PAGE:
Java Exception Handling with Example

Exception Handling

An exception is an event, which occurs during the execution of a program, that disrupts the normal flow of the program's instructions. Exception handling is one of the technique which is used to handle the run time error. Exception means the abnormal condition.

Exception Handling

The Throwable class is the superclass of all errors and exceptions in the Java language. Only objects that are instances of this class (or one of its subclasses) are thrown by the Java Virtual Machine or can be thrown by the Java throw statement. 

Errors: These are not exceptions at all, but problems that arise beyond the control of the user or the programmer. Errors are typically ignored in your code because you can rarely do anything about an error. For example, if a stack overflow occurs, an error will arise. They are also ignored at the time of compilation. 

        In exception there are two types 

             Checked exception 
            Unchecked Exception 

Checked Exceptions: 

The exception that extends Exception is called has checked exceptions. The checked exceptions are the exceptions that need to be handled at the compile time itself. It is compulsory or mandatory to handle the checked exception or else its a compile time error. (Please see the example for checked exception in file handling and JDBC programs) 

Eg:    ClassNotFound 

Unchecked Exception 

        The exception class that extends the RuntimeException are called has unchecked exceptions. It is not mandatory to handle the unchecked exceptions. 

Eg:     ArithmeticException 

public class UnchkExp 

        public static void main(String[] args) 
                String s = "raghu"; 
                int i = Integer.parseInt(s);//java.lang.NumberFormatException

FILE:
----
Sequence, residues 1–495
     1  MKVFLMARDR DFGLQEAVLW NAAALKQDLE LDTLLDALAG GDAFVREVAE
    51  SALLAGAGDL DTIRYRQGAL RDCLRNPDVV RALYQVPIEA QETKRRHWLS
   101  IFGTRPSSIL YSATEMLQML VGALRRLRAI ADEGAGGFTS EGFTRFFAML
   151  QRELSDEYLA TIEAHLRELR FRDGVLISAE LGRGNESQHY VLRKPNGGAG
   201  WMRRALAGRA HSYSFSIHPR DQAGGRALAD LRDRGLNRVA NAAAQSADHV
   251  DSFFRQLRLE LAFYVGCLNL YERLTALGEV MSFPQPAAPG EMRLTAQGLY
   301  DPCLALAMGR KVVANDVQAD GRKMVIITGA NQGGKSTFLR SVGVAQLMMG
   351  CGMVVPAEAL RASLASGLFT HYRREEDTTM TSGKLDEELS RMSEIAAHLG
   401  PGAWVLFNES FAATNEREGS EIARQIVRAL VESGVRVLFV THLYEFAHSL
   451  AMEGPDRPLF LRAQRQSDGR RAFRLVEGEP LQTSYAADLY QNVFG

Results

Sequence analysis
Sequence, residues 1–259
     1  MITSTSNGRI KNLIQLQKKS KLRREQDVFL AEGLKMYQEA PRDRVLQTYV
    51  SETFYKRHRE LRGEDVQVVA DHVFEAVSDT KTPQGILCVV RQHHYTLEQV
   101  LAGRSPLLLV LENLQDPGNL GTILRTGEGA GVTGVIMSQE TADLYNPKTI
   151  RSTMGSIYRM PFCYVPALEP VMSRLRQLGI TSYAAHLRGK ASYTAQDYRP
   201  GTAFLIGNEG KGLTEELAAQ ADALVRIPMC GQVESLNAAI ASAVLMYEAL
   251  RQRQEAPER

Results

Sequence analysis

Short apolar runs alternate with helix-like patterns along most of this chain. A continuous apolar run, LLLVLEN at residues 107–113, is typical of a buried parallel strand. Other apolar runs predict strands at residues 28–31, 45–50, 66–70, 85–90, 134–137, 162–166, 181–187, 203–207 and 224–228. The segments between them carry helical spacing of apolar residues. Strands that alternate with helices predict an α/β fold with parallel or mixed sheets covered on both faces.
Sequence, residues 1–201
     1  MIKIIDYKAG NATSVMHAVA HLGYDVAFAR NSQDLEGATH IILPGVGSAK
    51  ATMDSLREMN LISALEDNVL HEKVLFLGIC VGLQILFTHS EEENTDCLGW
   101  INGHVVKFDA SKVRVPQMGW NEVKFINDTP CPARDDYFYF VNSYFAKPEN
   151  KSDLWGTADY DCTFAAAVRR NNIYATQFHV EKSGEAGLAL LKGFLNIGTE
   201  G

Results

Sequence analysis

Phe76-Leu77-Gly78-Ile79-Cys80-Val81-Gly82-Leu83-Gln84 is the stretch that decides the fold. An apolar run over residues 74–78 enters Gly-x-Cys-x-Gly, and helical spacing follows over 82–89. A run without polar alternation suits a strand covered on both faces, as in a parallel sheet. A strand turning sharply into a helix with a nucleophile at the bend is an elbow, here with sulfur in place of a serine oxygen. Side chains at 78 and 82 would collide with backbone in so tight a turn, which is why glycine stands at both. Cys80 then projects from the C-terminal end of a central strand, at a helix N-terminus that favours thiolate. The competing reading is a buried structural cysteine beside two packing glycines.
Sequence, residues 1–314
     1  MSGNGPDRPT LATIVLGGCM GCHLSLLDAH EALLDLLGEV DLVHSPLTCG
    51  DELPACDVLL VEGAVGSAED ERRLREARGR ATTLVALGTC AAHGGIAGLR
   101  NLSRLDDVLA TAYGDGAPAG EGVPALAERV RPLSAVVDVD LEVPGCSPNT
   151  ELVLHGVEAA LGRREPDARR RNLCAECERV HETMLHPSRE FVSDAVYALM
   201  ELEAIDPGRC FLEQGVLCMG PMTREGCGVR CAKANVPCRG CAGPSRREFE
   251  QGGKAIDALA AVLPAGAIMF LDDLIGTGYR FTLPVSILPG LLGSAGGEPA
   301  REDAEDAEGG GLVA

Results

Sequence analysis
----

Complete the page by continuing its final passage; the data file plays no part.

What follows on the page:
String name=null; 
                int len = name.length();//java.lang.NullPointerException 

                int a[] = new int[5]; 
                a[6]=95;//java.lang.ArrayIndexOutOfBounds Exception 

Hear the int i = Integer.parseInt(s); is going to generate the exception, but we are not handling it, so the JVM will handle it and it will terminate the program. And rest part of the program will not get executed.

So we need to handle the exception where ever it might get generated, so we can handle the exception using the try catch block. 


catch (Exception e) 

If we handle the exception than the program will continue to execute or else it will terminate from the point where the exception occurs. So its a good practice to handle all the exceptions before they get generated. 

In exception handling we come across five keywords they are. 



See the class notes for more and clear examples. 

Finally : finally is the block which contain the code that need to executed even though the exception occurs( after catch block execution) and also even after execution of try block. 


} catch (Exception e) { 

} finally 

We cant write only try block without a catch block, but we can write a try block with the finally block

Throw v/s Throws in java 

1. Throws clause in used to declare an exception and throw keyword is used to throw an exception explicitly. 

2. If we see syntax wise than throw is followed by an instance variable and throws is followed by exception class names. 

3. The keyword throw is used inside method body to invoke an exception and throws clause is used in method declaration (signature).


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